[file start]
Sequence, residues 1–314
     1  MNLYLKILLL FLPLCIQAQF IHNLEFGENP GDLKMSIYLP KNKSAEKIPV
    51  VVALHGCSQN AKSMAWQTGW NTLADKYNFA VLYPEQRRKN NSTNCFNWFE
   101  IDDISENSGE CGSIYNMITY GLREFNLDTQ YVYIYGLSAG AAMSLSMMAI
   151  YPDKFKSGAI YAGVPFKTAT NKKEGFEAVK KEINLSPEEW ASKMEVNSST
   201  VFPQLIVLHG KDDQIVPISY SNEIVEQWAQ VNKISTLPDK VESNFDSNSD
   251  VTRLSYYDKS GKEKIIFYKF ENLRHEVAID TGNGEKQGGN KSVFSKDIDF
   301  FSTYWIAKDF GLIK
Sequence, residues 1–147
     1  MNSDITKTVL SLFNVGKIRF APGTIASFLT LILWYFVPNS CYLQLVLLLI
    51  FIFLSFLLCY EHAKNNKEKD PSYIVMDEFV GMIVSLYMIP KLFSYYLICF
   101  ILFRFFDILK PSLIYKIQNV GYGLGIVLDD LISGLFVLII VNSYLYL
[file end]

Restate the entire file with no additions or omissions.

Sequence, residues 1–314
     1  MNLYLKILLL FLPLCIQAQF IHNLEFGENP GDLKMSIYLP KNKSAEKIPV
    51  VVALHGCSQN AKSMAWQTGW NTLADKYNFA VLYPEQRRKN NSTNCFNWFE
   101  IDDISENSGE CGSIYNMITY GLREFNLDTQ YVYIYGLSAG AAMSLSMMAI
   151  YPDKFKSGAI YAGVPFKTAT NKKEGFEAVK KEINLSPEEW ASKMEVNSST
   201  VFPQLIVLHG KDDQIVPISY SNEIVEQWAQ VNKISTLPDK VESNFDSNSD
   251  VTRLSYYDKS GKEKIIFYKF ENLRHEVAID TGNGEKQGGN KSVFSKDIDF
   301  FSTYWIAKDF GLIK
Sequence, residues 1–147
     1  MNSDITKTVL SLFNVGKIRF APGTIASFLT LILWYFVPNS CYLQLVLLLI
    51  FIFLSFLLCY EHAKNNKEKD PSYIVMDEFV GMIVSLYMIP KLFSYYLICF
   101  ILFRFFDILK PSLIYKIQNV GYGLGIVLDD LISGLFVLII VNSYLYL